By Harry Scoffin
Local authorities can be hard-nosed freeholders, too, journalist Emma Lunn showed over the weekend with a punchy piece for The Guardian detailing the horrors of council-led major works initiatives for flat owners in the social sector who have to pay and live with the consequences of having minimal control over their homes.
Focused on the story of Southwark leaseholder Michelle Baharier, who forced the council last year to deploy top landlord and tenant barrister Philip Rainey QC against her in a successful attempt to overturn her victory over a controversial heating and hot water replacement scheme, the piece has provoked a flurry of debate, including over 800 individual reader comments below the line.
“I am a chartered structural engineer. I have always advised all my clients since the inception of Right to Buy to steer clear. I ask them one question … ‘Why would you want the Council as your freeholder when you haven’t been happy with the way they treated you as a tenant?’” said one reader.
Another wrote: “Cash-strapped councils do make the worst freeholders. Leaseholders are an easy source of cash because the lease pretty much says they have to cough up whatever the freeholder demands.”
The risk of buying ex-local authority property has been laid bare by a leaseholder who claims she has had to pay more than £24,000 for a new heating system and £2,000 to have her door painted.
Artist Ms Baharier, who in 2008 used right-to-buy procedures to acquire the leasehold interest to her two-bed on the Gilesmead estate in Camberwell, south London, says that since her defeat at the upper tribunal she has had to pay out £32,000 for the major works bill, and the legal fees and interest that she accrued in simply trying to challenge the reasonableness of the project.
She alleges that despite the great expense of the solution pushed by Southwark, which totalled nearly a million pounds and saw individual leaseholders saddled with bills of up to £25,000, the communal heating system “regularly breaks down with leaseholders footing the bill.”
Southwark denies the charge.
“We’ve paid for more than 50 repairs in the past year. The council doesn’t seem to know anyone who can fix the heating. The pipes and tanks have cracked and are leaking. I don’t have any control over the temperature of my flat and my hot water tank isn’t sufficiently insulated,” she says.
Ms Baharier insists that she and her fellow leaseholders should have paid for an individual metering solution, which would have not only saved each owner £20,000 but also been less prone to breakdown.
Her leasehold woes include other subsequent one-off bills such as an £8,000 charge per flat for internal decoration, which was then brought down to £2,000.
“The council originally tried to charge us £8,000 each for internal decoration which involved painting corridors and the front door to each flat. We are being ripped off. It took the workman two hours to paint my door,” she says.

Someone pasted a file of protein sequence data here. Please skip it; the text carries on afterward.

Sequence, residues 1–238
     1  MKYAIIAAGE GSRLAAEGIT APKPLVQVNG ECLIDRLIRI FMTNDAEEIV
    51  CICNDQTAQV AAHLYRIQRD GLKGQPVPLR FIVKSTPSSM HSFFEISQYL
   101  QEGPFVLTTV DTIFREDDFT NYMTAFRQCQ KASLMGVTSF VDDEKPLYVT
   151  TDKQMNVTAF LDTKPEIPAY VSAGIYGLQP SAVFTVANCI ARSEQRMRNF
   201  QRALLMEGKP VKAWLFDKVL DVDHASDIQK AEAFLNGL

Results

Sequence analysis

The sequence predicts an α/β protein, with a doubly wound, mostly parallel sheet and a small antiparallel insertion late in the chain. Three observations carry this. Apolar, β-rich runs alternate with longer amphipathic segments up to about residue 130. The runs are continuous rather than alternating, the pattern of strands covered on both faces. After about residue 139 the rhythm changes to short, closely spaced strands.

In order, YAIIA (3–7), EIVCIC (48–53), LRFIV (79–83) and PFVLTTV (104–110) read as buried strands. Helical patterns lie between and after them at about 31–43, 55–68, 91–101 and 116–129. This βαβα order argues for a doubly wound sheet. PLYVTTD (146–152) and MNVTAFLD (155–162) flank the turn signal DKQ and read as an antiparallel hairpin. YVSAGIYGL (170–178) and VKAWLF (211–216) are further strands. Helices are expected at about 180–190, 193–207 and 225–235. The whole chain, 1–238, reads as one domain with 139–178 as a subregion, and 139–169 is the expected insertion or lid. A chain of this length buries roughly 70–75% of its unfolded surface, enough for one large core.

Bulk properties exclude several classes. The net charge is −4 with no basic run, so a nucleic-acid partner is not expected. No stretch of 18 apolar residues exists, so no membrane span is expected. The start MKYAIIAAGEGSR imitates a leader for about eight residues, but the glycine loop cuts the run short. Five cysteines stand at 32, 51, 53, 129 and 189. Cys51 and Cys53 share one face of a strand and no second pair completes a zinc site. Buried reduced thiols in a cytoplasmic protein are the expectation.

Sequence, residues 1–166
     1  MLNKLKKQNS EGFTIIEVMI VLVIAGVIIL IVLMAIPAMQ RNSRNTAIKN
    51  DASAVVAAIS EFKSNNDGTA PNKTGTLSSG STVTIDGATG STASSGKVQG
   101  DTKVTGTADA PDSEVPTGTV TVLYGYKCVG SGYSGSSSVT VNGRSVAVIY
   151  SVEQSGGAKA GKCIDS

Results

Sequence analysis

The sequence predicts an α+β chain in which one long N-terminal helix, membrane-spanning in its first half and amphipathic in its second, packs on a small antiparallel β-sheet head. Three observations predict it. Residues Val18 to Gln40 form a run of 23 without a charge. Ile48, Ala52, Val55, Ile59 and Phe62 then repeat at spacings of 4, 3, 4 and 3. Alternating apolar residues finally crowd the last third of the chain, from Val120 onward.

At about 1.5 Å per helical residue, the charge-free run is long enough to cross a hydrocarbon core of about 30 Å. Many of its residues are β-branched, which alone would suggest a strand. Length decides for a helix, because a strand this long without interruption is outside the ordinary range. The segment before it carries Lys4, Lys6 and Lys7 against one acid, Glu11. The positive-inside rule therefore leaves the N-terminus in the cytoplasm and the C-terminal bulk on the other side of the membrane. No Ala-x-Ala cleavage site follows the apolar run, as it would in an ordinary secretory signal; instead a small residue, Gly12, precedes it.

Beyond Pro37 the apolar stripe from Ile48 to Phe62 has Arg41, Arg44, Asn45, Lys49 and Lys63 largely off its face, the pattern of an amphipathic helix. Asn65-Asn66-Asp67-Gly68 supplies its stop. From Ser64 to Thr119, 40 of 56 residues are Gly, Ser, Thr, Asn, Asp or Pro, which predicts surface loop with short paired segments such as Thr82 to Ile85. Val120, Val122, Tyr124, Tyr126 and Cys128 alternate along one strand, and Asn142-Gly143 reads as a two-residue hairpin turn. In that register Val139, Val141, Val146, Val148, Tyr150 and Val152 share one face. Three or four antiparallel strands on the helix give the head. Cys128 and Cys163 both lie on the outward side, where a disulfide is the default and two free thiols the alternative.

First-time buyers looking to get on the first rung of the ladder and council tenants wanting to unlock the benefits of home ownership should not be seduced by discounted ex-council property since they may get stung by giant major works bills as vulnerable flat lessees, LKP chief executive Sebastian O’Kelly told the paper.
“The problem is that councils do not have reserve funds, so huge bills come out of the blue. These can be devastating for right-to-buy purchasers or young first-timers, who have bought a council property because it is relatively cheap,” he says, “The bills are staggeringly high, the works are often pretty shoddy and there seems to be minimal cost control.”
He also urged leaseholders feeling financially under water by council major works demands to pay first, challenge later.
“This means you can argue over the quality of the works or the cost without danger of being hit with legal costs if you fail,” he says.
Ms Lunn, who has written extensively on leasehold issues for the national press, took to Twitter to say her report has generated a substantial amount of interest, with her inbox inundated with emails of similar stories and complaints.
The debate continued on Twitter.
In reply to a user who questioned her comment that leasehold is a “massive scam”, the personal finance journalist tweeted:
“Freeholders don’t care about cost control, leading to leaseholders getting massive bills for work that can be done for much less. My flat is share of freehold – leaseholders make the decisions – costs are low, work a good standard, everyone happy.”
“When leaseholders make decisions, costs are kept low. External freeholders’ contract expensive work to their own companies/their friends at inflated prices, crippling leaseholders,” she continued.
David Madden, an associate professor of sociology at the London School of Economics, gave his view:
“Leaseholders in the tower on our estate in Hackney are being charged £25,000 this year for repairs that they argue should have been the council’s responsibility all along—no facade maintenance for decades, a near-deadly accident and now they’re charging leaseholders a huge amount.”
Another reader tweeted:
“Camden have done the same for many estates. The quality of work; the business case for the work; the oversight; the cost; the lack of accountability – all appalling. The conflicts and corruption are self-evident, but you’re powerless.”
One even suggested that cash-strapped councils very deliberately use leaseholders to fatten their budgets:
“A large part of the problem is that the councils are incentivised to drive up bills. ‘Major works’ and repairs are done unnecessarily and inefficiently because they need their ~30% fee of the total for their department budgets. There is zero incentive to give value for money.”